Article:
South Africa: Building Information Modelling

Last Updated: 19 October 2016
Article by Nicole Gabryk

What is Building Information Modelling ("BIM")?

In recent years, the construction industry has shown a greater interest in the benefits of partnering, integrated and collaborative working.

According to the UK National Building Specification ("NBS"):

"BIM brings together all of the information about every component of a building, in one place. It makes it possible for anyone to access that information for any purpose e.g. to integrate different aspects of the design more effectively. In this way the risk of mistakes or discrepancies is reduced, and abortive costs minimized."

BIM uses advanced computer systems to build 3D models of infrastructure and hold large amounts of information about its design, operation and current conditions. At the planning stage, it enable designers, owners and users to work together to produce the best possible designs and to test them digitally before they are built. In construction, it enables engineers, contractors and suppliers to integrate complex components cutting out waste and reducing the risk of errors. In operation it provides customers with real-time information about available services and permits with accurate assessments of conditions of assets.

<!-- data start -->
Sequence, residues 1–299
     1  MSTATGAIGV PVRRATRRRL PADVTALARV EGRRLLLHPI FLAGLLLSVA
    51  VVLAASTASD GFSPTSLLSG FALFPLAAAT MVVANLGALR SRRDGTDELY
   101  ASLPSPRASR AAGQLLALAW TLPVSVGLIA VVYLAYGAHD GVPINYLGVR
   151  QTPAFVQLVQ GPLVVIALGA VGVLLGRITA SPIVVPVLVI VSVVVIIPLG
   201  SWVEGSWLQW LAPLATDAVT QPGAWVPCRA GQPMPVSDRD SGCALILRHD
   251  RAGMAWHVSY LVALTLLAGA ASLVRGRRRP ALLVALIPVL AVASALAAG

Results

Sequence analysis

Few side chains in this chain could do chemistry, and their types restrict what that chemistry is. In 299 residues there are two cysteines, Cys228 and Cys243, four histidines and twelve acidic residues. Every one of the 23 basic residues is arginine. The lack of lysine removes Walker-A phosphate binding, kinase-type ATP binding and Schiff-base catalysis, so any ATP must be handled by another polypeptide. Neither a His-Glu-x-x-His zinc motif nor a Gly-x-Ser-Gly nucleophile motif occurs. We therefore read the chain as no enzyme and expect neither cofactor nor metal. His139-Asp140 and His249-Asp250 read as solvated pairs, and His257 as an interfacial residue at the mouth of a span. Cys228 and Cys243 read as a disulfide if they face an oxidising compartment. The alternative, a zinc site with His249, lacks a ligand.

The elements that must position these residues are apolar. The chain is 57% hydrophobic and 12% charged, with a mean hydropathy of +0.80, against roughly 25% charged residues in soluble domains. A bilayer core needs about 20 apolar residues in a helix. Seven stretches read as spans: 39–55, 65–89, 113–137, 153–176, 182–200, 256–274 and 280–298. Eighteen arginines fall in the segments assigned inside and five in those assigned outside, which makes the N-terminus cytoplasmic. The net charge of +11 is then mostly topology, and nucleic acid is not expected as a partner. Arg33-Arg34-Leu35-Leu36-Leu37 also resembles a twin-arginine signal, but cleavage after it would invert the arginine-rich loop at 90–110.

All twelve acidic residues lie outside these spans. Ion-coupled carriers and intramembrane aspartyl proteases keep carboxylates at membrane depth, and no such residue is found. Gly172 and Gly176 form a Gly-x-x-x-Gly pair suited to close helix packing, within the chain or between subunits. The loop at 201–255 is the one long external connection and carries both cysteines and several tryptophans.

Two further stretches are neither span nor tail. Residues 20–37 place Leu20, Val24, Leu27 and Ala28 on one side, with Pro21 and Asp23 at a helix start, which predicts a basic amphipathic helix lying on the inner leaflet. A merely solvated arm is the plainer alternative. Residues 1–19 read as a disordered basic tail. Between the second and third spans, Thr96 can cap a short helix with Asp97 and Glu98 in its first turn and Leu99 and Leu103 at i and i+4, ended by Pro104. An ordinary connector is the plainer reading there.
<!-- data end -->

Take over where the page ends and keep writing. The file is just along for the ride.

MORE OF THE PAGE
The use of a BIM model is intended to create shared resource-enabling decisions about the design and construction of the facility to be taken before it is built, and after construction to act as a detailed digital operation and maintenance manual during the lifetime of the building.